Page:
Sports injury statistics

How frequently do sports injuries occur?

In the United States, about 30 million children and teens participate in some form of organized sports, and about 3 million injuries each year, which cause some loss of time of participation, are experienced by the participants. Almost one-third of all injuries incurred in childhood are sports-related injuries. By far, the most common injuries are sprains and strains.

Obviously, some sports are more dangerous than others. For example, contact sports such as football can be expected to result in a higher number of injuries than a non-contact sport such as swimming. However, all types of sports have a potential for injury, whether from the trauma of contact with other players or from overuse or misuse of a body part.

Injury statistics and incidence rates:

The following statistics are the latest available from the National Safe Kids Campaign and the American Academy of Pediatrics (AAP):

Injury rates:

  • Approximately 3 million children ages 14 and under get hurt annually playing sports or participating in recreational activities.
  • Although death from a sports injury is rare, the leading cause of death from a sports-related injury is a brain injury.
  • Sports and recreational activities contribute to approximately 21 percent of all traumatic brain injuries among American children.
  • The majority of head injuries sustained in sports or recreational activities occur during bicycling, skateboarding, or skating incidents.
  • More than 775,000 children, ages 14 and under, are treated in hospital emergency rooms for sports-related injuries each year. Most of the injuries occurred as a result of falls, being struck by an object, collisions, and overexertion during unorganized or informal sports activities.

Where and when:

  • Playground- and bicycle-related injuries occur most often among young children, between the ages of 5 and 9 years old. Bicycle- and sports-related injuries also affect older children, in addition to overexertion.
  • The highest rates of injury occur in sports that involve contact and collisions.
  • More severe injuries occur during individual sports and recreational activities.
  • Most organized sports-related injuries (60 percent) occur during practice.

Who:

  • Almost 6 million high school children participate in team sports.
  • Children between 5 and 14 years of age account for almost half (40 percent) of sports-related injuries for all age groups.
  • Approximately 20 million children take part in recreational or competitive sports outside of school.
  • Approximately 20 percent of children participating in sports activities are injured each year, and one in four injuries is considered serious.
  • Children who are less developed than a more mature child of the same age and weight are at increased risk for injury.
  • Severity of sports-related injuries increases with age.
  • Before puberty, girls and boys suffer the same risk of sports injuries.
  • During puberty, boys suffer more severe injuries than girls.
  • Children who are just beginning a sport or activity are at greater risk for injury.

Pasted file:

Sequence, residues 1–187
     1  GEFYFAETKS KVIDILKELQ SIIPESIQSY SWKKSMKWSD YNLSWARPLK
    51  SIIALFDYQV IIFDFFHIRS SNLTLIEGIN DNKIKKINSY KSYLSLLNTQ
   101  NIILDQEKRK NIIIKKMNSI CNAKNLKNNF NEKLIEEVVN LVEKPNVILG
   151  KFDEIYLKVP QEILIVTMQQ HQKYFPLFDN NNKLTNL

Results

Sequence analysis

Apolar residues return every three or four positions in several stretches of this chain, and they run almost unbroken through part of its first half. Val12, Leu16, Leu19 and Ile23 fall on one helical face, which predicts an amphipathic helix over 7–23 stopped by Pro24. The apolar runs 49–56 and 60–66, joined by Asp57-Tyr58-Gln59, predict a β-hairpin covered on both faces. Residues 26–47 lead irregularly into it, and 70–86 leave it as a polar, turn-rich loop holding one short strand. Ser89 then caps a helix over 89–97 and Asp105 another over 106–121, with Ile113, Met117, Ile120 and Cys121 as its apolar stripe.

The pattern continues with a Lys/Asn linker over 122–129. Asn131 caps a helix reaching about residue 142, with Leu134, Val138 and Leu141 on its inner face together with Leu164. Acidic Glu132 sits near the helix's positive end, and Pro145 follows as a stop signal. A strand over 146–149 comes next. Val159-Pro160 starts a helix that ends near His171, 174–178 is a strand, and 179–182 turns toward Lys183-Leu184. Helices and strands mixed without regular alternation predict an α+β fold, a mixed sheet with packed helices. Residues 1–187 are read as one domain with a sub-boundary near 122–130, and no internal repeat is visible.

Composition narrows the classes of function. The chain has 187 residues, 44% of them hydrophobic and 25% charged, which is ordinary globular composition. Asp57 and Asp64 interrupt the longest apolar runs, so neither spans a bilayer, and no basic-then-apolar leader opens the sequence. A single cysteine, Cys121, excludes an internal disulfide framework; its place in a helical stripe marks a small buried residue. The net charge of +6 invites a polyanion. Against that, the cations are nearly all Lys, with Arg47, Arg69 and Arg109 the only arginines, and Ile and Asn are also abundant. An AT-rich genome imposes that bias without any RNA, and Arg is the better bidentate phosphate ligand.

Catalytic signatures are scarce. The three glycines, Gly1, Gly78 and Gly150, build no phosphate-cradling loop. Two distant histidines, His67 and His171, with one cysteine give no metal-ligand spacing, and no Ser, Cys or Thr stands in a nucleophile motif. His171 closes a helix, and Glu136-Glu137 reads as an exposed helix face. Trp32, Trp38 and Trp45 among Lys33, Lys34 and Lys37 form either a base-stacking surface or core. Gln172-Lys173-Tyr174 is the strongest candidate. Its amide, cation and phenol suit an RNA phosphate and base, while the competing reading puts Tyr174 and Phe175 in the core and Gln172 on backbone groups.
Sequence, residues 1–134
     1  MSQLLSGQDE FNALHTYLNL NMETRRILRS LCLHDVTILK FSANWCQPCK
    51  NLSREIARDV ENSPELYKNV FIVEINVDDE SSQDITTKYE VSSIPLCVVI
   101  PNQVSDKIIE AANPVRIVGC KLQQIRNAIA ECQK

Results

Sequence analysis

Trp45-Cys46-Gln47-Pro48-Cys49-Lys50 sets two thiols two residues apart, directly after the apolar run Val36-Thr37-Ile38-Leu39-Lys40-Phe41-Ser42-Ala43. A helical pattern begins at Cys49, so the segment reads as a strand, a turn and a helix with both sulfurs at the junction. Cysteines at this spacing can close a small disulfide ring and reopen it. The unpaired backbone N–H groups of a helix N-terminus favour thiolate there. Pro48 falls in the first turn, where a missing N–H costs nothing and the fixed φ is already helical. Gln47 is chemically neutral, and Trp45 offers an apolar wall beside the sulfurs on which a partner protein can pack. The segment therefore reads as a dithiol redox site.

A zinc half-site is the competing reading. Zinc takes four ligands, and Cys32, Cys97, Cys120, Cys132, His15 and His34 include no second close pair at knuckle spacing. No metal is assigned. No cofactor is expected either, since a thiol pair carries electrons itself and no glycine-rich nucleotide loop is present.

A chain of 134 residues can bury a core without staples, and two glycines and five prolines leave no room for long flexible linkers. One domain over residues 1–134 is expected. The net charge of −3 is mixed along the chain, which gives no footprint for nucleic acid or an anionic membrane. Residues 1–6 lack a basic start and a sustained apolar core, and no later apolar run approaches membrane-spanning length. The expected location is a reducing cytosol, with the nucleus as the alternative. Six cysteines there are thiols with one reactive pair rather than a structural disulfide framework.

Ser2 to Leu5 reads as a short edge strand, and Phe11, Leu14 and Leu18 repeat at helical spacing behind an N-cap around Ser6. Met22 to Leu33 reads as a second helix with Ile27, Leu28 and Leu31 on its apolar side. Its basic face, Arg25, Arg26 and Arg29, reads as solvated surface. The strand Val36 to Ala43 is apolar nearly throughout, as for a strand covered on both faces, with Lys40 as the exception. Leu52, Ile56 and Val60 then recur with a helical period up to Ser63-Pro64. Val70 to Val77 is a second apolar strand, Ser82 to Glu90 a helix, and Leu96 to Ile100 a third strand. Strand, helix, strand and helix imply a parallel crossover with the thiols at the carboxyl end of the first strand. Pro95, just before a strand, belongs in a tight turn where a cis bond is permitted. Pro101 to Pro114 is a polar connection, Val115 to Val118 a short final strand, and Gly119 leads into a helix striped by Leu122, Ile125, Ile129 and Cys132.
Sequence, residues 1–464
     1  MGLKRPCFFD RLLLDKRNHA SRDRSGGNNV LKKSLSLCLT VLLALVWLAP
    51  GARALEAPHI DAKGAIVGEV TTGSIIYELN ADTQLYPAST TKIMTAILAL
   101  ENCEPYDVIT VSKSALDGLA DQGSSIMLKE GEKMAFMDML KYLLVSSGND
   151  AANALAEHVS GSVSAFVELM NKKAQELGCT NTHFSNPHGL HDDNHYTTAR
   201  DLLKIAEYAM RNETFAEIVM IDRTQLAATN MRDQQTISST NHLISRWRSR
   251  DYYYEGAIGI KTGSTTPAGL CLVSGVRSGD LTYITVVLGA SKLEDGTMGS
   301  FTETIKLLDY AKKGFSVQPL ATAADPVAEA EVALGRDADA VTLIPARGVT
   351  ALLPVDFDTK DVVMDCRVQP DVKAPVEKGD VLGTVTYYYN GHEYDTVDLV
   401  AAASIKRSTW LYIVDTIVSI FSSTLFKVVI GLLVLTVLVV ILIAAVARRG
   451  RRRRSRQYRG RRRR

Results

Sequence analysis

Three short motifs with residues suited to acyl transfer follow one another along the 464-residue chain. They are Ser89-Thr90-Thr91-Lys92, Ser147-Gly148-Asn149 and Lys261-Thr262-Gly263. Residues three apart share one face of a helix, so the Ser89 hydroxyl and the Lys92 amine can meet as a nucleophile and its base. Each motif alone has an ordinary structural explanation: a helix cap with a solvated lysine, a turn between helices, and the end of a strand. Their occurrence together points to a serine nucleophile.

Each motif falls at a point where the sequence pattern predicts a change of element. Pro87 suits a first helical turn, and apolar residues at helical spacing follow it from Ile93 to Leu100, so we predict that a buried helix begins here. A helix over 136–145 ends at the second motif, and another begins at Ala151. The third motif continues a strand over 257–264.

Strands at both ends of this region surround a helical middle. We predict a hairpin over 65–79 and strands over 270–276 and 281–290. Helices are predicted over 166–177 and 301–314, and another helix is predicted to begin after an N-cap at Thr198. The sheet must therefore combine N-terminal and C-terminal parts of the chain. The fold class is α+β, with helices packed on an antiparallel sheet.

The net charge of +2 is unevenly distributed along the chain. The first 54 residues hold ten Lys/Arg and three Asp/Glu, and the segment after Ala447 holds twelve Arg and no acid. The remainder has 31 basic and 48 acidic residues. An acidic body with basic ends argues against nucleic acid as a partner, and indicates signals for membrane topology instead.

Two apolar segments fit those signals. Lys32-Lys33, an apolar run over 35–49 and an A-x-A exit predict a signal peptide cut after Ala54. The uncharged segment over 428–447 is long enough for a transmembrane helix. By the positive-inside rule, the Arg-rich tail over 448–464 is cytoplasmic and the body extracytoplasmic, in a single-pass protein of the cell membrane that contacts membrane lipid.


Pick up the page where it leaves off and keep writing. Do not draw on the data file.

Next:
Types of sports and recreational activities:

Consider the following statistics:

  • Basketball - In 1998, nearly 200,000 children ages 5 to 14 were treated in hospital emergency rooms for basketball-related injuries. The majority of the injured children (70 percent) were boys.
  • Baseball and softball - In 1998, more than 91,000 children ages 5 to 14 were treated in hospital emergency rooms for baseball-related injuries, and nearly 26,000 children ages 5 to 14 were treated for softball-related injuries.
  • Bicycling - In 1998, more than 320,000 children ages 5 to 14 were treated in hospital emergency rooms for bicycle-related injuries. In addition, 225 children ages 14 and under died in bicycle-related crashes in 1997.
  • Football - In 1998, more than 159,000 children ages 5 to 14 were treated in hospital emergency rooms for football-related injuries.
  • Gymnastics - In 1998, nearly 25,500 children ages 5 to 14 were treated in hospital emergency rooms for gymnastics-related injuries. Among girls' sports, gymnastics has one of the highest injury rates, increasing with the level of competition.
  • Ice skating - In 1998, more than 15,500 children ages 5 to 14 were treated in hospital emergency rooms for ice skating-related injuries.
  • In-line skating/roller skating - Since 1992, 33 children ages 14 and under have died from in-line skating injuries, mostly from collisions with motor vehicles. In 1998, more than 67,000 children ages 5 to 14 were treated in hospital emergency rooms for in-line skating-related injuries while more than 32,000 children ages 5 to 14 were treated in hospital emergency rooms for roller-skating-related injuries.
  • Skateboarding - In 1998, more than 27,500 children ages 5 to 14 were treated in hospital emergency rooms for skateboarding-related injuries.
  • Sledding - In 1998, nearly 8,500 children ages 5 to 14 were treated in hospital emergency rooms for sledding-related injuries.
  • Snow skiing/snowboarding - In 1997, more than 13,500 children ages 5 to 14 were treated in hospital emergency rooms for snow skiing-related injuries. Another 9,000 children ages 5 to 14 were treated in hospital emergency rooms for snowboarding-related injuries.
  • Soccer - In 1998, more than 77,500 children ages 5 to 14 were treated in hospital emergency rooms for soccer-related injuries.
  • Trampolines - In 1998, more than 75,000 children ages 14 and under were treated in hospital emergency rooms for trampoline-related injuries. Most trampoline injuries occur at home (90 percent) and involve injury to a child's extremities.